The offshore wind business is growing rapidly as more companies seek to make investments in the sector. This has created numerous opportunities for manufacturers to supply equipment.
Latest among these is Swedish-Swiss owned multinational ABB, which has received an order for a comprehensive package of equipment for two new vessels.
The large wind turbine installation vessels (WTIVs) are being built for Havfram, a company specialising in offshore installations. Both will be capable of installing offshore wind turbines with a rotor diameter of more than 300m. They will feature a crane that has a lifting capacity of 3,250tons. This will allow them to carry XXL monopiles weighing up to 3,000tons for installation in water depths of up to 70m. The two NG20000X-HF WTIVs will be built in China by CIMC Raffles Offshore Ltd, one of China’s largest shipbuilders.
Havfram has significantly expanded its offshore wind capabilities in recent years and is in the process of expanding its fleet in order to provide vessel capacity from 2026 onwards. The company is owned by Sandbrook Capital, an investment firm with a strong green portfolio.
Other companies have also begun their own WTIVs projects. Both Kongsberg Maritime and Maersk Supply are both involved in the production of new designs. In 2022 Kongsberg Maritime signed a contract of €28 million with Chinese shipbuilder COSCO Shipping Offshore for an F-class foundation installation vessel. This will be delivered to Danish service provider Cadeler in 2025.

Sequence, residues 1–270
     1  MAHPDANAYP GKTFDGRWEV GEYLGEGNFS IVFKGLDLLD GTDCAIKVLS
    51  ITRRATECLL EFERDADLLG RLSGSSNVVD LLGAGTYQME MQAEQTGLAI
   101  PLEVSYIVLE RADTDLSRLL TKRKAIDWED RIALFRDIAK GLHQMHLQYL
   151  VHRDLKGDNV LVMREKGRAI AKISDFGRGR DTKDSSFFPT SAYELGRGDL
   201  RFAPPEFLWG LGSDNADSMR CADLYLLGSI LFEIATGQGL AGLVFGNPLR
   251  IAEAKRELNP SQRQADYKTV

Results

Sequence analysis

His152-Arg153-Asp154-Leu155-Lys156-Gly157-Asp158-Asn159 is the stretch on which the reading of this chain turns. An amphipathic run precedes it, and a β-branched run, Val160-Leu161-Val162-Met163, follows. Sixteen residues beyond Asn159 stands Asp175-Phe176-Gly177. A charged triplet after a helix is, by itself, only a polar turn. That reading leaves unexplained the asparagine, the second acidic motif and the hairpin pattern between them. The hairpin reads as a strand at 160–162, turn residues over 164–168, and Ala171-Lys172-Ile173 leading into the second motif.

ABB has a previous track record supplying equipment for WTIVs. In 2021 the company secured an order to outfit two vessels for Monaco-based Eneti with an advanced package of systems. Both vessels will be able to install the next generation of turbines offshore at depths of up to 65m, and will feature a battery installation from ABB.
The new vessels on order represent a significant upgrade on this with the ability to carry much heavier loads and to install turbines at much greater depths. deck load and the extreme lift heights expected over the next decade.
They will also both utilise four Azipod electric main propulsion units with a total propulsion power of 17 MW; the Onboard DC Grid power distribution system and a 4.1MWh energy storage installation. The two vessels will also feature ABB’s Ability Marine Pilot Control with Dynamic Positioning System for advanced vessel control.
“The performance of our Wind Turbine Installation Vessels will be pivotal in meeting the needs of the offshore wind market today and tomorrow. To ensure superior performance, we chose the broad scope of ABB power, control, propulsion and automation technology, complemented by the through-life support from ABB’s remote diagnostics and global service capabilities,” said Even Larsen, CEO Havfram Wind, in a statement.
Analysis by classification agency DNV indicates that by 2050 offshore wind will provide as much energy as oil and gas. In 2020, offshore wind generation grew by almost 30 percent, with capacity additions of 6 GW, according to the International Energy Agency (IEA). In its ‘Net Zero by 2050’ roadmap, the IEA predicts that the offshore wind sector will need to grow by 80 GW each year for the world to achieve net zero by middle of the century.